Thursday, November 8, 2012

Private Digichromagraphs II & Gold Seas

This afternoon, after having finished cleaned the house, I found myself with some time on my hands. I could either do what I do or take some photos. I noticed how windy it was outside, so I decided to stick with the latter. Didn't want to miss my chance with the falling leaves again.

I got out my parent's Fuji camera and began with some digichromagraphs, explained here. A few weeks ago, I experimented with fire and smoke digichromagraphs, resulting in what I called my Rainbow Smoke digichromagraphs. This time, I wanted to do the same, so I got some paper, an empty box of pasta, and the camera. I placed the pasta box in the sink, caught the paper on fire, and placed the paper fire-side down into the box.

As I waited, smoke began to pour out of the top of the paper, like a chimney. I started snapping away. I took about 12 photos, but none to my satisfaction because there wasn't enough smoke. So I tried it again. I folded another piece of paper into a long strand, set one end on fire, and placed it fire-side in the box. Again, the smoke started to rise. This time, there was WAY more than before.

As the plume of smoke rose, I began to snap away. Click. Click. Click. As the fire grew as did the smoke. But I didn't notice something... the empty pasta box had caught on fire! Using your common sense, you would not put an object on fire into a paper-anything. Unlike the first time I did this, there wasn't any dirty dishes to prop up the flaming paper on. So I reached for the nearest thing that would support the paper... an empty pasta box from Aldi.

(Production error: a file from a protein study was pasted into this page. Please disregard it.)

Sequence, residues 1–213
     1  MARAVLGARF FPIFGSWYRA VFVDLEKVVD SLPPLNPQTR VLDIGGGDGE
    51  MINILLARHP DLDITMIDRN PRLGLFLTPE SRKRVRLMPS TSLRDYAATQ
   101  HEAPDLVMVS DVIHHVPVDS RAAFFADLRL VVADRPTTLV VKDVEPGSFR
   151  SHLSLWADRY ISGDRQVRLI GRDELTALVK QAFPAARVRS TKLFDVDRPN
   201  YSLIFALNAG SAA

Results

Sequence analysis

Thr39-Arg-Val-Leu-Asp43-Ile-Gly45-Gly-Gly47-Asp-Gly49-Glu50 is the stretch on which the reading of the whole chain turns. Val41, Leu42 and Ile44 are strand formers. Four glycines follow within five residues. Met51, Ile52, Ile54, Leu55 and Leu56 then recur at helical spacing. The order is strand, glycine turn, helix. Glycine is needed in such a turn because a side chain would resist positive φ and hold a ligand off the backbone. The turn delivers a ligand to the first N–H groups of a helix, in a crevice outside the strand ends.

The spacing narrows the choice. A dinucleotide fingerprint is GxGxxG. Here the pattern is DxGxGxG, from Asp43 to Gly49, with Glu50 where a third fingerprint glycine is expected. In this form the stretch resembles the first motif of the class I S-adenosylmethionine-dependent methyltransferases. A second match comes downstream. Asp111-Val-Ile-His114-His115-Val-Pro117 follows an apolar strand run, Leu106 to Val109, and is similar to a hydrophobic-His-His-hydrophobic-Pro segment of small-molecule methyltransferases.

Anyway, the fire grew in intensity as it began to engulf the entirety of the box. I was maybe three feet away and I could feel the heat as the fire grew, the flames reaching the bottom of pots suspended above the sink. I was still taking pictures when it grew so large that I didn't think I could open the faucet to put it out. Leaving the camera on the counter, I grabbed a wooden spoon and turned the faucet on.

Ssssssssss. The fire was washed out. The kitchen smelled of burnt cardboard, and there was ash everywhere from the box carried by the heat.

I call this Rainbow Fire - A. It's the event with the order of
photos changed.
This is Rainbow Fire - B. This is one is less dramatic, but is
the same event, with the pictures placed in order.
I swear to God... the things I do to experiment with a Russian's colour photography process.

It's fine though. After putting the fire out and dumping the body in alley, I noticed all the leaves falling. I took several photos, my favorite here fo' you.

Photographs/Digichromagraphs © 2012 Eddie Sigala, all rights reserved